The WikiLeaks vs. the US government saga started in July, when 77,000 secret US documents directly relating to Afghanistan were made available to major media organizations. Many of us shook our heads with a mixture of disgust and vindication. We had long been aware of the brutality of the war, and the corruption of its benefactors. Now we finally had written, uncontested proof.
The Afghanistan War Logs were revealing and damning. They were filed by soldiers and commanders in the field. Despite the largeness of their size, they constituted a decipherable narrative, a sorry story to told and discussed.
The Iraq War Diaries also resembled an unmitigated disaster for US war plans. 391,832 classified military documents were published on October 22, revealing the extent of the calamitous invasion, occupation and ‘state building’ underway in Iraq.
The value of these finds – representing the largest leak in history – was unmatched. It effectively brought to an end the illusion that all was well in Mesopotamia. As with the Afghanistan documents, these files too constituted a narrative, albeit an extremely long and disturbing one. The fact that 15,000 Iraqi deaths are now officially included in the Iraqi death count is in itself a remarkable achievement.
The leaks regarding Afghanistan and Iraq were related. The much touted ‘success’ of the surge in Iraq under former US President George W. Bush is being repeated in Afghanistan under current President Barack Obama. The same haughtiness, language, and even strategies are now being duplicated. Thanks to the logs and diaries, now we know we are being fed half-truths. We can see through the dodgy numbers, the fabricated estimations, the flashy and dishonest language of politicians and leaders. Never again should anyone claim a lack of knowledge of civilian casualties, detainee abuse, corruption, and very shifty war goals.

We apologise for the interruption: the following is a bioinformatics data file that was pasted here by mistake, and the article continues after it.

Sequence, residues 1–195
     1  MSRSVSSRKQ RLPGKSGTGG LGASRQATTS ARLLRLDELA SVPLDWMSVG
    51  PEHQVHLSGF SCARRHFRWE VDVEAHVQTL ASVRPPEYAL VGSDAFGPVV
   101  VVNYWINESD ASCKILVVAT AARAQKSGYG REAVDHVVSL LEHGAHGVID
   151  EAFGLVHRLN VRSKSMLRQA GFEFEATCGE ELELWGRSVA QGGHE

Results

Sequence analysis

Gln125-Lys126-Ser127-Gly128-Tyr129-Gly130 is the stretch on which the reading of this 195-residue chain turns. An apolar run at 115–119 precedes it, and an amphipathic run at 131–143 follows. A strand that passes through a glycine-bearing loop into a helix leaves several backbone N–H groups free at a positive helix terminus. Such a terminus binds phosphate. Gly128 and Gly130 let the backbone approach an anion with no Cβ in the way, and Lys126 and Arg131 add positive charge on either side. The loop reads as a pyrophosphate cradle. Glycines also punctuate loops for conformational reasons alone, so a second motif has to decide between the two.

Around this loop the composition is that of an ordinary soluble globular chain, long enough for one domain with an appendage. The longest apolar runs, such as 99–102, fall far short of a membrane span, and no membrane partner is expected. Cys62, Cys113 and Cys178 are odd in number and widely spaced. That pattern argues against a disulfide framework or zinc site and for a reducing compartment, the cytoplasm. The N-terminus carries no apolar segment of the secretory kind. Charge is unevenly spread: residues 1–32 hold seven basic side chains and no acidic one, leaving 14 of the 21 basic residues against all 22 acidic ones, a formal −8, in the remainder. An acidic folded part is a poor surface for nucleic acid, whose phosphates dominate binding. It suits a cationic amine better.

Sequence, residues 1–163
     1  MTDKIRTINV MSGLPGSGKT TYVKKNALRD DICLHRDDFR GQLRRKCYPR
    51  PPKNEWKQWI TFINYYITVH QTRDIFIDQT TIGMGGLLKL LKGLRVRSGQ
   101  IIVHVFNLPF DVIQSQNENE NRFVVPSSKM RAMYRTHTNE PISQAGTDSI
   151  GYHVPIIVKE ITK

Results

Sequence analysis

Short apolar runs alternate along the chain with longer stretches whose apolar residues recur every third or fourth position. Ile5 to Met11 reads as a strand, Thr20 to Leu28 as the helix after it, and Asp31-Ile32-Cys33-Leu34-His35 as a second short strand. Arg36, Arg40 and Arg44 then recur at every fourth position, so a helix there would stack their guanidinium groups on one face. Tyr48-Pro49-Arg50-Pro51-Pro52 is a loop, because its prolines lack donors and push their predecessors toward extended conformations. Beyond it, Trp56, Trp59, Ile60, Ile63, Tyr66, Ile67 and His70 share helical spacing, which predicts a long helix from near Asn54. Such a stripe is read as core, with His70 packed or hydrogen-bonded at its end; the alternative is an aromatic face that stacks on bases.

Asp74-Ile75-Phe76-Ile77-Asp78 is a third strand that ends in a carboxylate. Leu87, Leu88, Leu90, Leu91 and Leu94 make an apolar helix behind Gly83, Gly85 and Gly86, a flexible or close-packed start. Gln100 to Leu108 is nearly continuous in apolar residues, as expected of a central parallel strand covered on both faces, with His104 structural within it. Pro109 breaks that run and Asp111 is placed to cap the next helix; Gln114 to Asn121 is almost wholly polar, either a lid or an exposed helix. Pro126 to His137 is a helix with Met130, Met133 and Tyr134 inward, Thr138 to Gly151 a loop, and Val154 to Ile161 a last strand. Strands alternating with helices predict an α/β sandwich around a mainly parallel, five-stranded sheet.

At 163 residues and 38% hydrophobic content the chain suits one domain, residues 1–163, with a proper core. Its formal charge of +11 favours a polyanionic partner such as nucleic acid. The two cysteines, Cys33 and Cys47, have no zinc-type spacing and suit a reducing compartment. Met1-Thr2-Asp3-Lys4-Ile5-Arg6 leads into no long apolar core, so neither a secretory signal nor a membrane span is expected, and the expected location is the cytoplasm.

On November 28, the State Department was faced with another leak and embarrassment. 250,000 US diplomatic cables were released, divulging everything from the US’ belittling judgments of the supposedly poor fighting abilities of British soldiers in Helmand to the unwelcomed camaraderie between Russian Prime Minister Vladimir Putin and Italian Prime Minister Silvio Berlusconi, from Qatar’s alleged “(hesitance) to act against known terrorists” to Hezbollah’s alleged attainment of new and sophisticated weapons through Syria.
Much of what has been disclosed was known, expected or realized through a simple exercise of deductive reasoning Much more at link:
Ramzy Baroud is an author and a journalist. His latest volume is The Second Palestinian Intifada: A Chronicle of a People’s Struggle (Pluto Press, London). He can be reached at email@example.com. Read other articles by Ramzy.